Mumbai: Maintaining that there was no
release of radioactivity in and outside the Kaiga Atomic Power
Plant, the Nuclear Power Corporation of India on Sunday said it is
only a drinking water cooler that was contaminated, which is
behind its workers suffering minor radiation exposure.
"Preliminary inquiry does not reveal any violation of
operating procedures or radioactivity releases or security
breach. It is possibly an act of mischief. The related
agencies are investigating," NPCIL Chairman and Managing
Director S K Jain said in a statement here.
About 50 employees working in Kaiga Atomic Power Plant in
Karwar district in North Karnataka suffered minor nuclear
radiation exposure after drinking contaminated water from the
water cooler in the premises of the plant.
Jain said all units of the plant are functioning normally
and none of its workers has been admitted to hospital.
"All plant systems are working normally and cannot cause
any contamination. The source of radiation contamination was
identified to be a water cooler located outside the reactor
building and has been isolated and put out of service," he
"No worker is hospitalised and all are carrying their
duties," Jain said.
While conceding that the contamination of water cooler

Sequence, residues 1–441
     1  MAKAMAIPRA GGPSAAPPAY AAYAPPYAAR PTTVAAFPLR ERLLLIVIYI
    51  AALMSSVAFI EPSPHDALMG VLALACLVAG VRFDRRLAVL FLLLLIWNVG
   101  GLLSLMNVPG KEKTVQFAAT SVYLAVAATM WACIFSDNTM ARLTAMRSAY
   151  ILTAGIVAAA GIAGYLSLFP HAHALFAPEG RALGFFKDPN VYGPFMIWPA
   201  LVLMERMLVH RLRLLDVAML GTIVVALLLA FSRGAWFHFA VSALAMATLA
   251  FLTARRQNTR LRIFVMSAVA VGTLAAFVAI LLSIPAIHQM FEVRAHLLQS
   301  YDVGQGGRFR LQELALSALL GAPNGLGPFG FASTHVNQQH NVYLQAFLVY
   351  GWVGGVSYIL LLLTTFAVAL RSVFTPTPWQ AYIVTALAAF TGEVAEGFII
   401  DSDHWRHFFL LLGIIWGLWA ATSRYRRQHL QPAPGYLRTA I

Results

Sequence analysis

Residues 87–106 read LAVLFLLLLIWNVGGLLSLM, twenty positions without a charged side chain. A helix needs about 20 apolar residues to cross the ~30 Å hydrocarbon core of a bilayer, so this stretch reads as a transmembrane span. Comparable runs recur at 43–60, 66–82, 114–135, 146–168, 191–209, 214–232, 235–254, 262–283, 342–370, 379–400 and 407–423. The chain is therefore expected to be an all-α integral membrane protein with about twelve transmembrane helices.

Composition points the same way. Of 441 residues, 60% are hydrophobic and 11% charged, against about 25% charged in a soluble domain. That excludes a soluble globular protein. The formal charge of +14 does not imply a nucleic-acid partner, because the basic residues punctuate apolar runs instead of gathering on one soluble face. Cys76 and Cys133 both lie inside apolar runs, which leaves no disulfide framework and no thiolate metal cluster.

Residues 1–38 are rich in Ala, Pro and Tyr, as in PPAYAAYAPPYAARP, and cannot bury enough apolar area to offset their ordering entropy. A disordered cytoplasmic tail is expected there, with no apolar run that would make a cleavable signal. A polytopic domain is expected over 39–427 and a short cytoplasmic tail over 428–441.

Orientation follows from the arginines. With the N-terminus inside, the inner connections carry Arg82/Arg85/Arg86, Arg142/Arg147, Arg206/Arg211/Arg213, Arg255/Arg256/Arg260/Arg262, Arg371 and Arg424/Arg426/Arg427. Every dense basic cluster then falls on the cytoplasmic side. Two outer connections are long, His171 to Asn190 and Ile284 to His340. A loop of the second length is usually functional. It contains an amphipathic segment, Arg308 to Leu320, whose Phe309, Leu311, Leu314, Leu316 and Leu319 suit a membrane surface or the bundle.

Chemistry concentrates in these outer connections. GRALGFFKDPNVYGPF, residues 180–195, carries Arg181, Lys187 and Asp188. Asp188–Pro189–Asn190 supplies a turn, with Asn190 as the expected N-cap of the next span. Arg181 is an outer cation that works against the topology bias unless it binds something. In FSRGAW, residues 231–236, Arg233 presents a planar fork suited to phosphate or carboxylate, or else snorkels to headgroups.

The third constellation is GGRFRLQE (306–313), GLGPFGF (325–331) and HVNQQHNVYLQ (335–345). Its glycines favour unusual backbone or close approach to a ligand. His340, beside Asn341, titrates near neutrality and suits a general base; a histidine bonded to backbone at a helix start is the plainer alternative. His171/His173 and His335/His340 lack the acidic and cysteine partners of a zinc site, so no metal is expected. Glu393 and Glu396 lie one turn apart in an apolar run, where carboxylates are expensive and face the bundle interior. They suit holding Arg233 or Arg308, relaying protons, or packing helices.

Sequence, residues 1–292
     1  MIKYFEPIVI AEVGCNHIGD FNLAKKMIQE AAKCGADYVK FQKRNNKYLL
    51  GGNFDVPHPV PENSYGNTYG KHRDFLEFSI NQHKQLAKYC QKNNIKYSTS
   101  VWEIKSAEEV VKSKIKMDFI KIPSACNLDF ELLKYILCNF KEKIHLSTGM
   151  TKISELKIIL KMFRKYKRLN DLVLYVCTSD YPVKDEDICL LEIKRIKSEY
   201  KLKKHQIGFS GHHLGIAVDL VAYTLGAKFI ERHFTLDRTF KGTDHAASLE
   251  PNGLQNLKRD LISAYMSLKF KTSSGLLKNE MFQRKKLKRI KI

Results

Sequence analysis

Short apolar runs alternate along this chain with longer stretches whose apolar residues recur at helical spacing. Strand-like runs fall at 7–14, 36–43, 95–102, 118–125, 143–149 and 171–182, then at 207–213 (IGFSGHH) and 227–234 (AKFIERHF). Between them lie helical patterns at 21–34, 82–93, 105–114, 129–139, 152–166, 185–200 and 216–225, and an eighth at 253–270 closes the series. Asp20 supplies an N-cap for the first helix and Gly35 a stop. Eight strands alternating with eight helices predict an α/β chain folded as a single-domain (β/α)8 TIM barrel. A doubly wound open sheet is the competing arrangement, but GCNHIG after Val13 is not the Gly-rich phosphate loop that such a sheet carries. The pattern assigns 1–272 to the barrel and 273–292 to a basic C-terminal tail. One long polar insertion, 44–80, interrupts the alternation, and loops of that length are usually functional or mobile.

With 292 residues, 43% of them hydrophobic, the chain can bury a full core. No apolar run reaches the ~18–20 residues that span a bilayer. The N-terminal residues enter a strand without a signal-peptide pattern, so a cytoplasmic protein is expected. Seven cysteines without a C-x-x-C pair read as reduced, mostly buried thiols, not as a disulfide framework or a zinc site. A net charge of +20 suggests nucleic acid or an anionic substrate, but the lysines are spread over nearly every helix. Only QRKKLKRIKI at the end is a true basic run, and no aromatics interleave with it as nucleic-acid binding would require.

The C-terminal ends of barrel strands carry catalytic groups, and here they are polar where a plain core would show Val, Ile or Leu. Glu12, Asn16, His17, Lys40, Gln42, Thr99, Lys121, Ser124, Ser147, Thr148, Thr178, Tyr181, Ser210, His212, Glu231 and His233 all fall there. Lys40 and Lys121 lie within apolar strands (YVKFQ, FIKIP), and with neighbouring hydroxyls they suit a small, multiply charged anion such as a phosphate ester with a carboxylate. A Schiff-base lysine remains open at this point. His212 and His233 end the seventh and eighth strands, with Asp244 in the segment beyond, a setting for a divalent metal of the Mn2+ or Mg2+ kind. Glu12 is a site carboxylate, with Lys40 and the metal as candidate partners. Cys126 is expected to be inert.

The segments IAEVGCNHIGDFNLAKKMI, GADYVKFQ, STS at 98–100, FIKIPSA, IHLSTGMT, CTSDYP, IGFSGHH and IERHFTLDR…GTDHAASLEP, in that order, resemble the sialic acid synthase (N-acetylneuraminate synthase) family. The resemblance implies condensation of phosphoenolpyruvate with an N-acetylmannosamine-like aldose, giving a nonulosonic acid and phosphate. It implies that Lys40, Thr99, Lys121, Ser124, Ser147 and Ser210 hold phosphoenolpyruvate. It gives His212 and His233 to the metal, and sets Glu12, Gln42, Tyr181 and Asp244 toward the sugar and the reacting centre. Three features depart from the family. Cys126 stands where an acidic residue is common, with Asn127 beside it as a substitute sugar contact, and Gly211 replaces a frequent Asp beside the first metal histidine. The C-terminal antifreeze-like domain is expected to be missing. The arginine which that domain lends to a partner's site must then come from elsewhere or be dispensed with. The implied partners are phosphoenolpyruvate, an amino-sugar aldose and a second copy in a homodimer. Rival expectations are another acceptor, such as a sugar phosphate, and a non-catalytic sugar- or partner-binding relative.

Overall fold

was a matter of concern and investigations were on, Jain said
"The contamination detected in this incident has been brought
down quickly and currently only one worker is close to the
limit specified by Atomic Energy Regulatory Board".
There are a number of measures for routine monitoring of
radiation uptake in workers in a nuclear power plant,
including routine urine sampling.
Any contamination caused by heavy water in the human body
is quickly flushed out through natural biological processes
like urination and perspiration.
"In this process, some samples indicated signs of
contamination. Resulting out of this observation on November
24, samples of all radiation workers were analysed," Jain
Kaiga has three units of 220 MW each of pressurised
heavy water reactor of which Unit 1 is under annual
maintenance shutdown since October 20.
"Unit 2 and 3 continue to operate normally," Jain said,
adding that the fourth unit also of 220 MW is almost ready for
The radiation workers of the plant are highly
experienced and access permits are routinely issued to all
personnel entering operating island, Jain said.
"NPCIL has very high level of safety compliance and the
limits of regulatory authorities are strictly complied with,"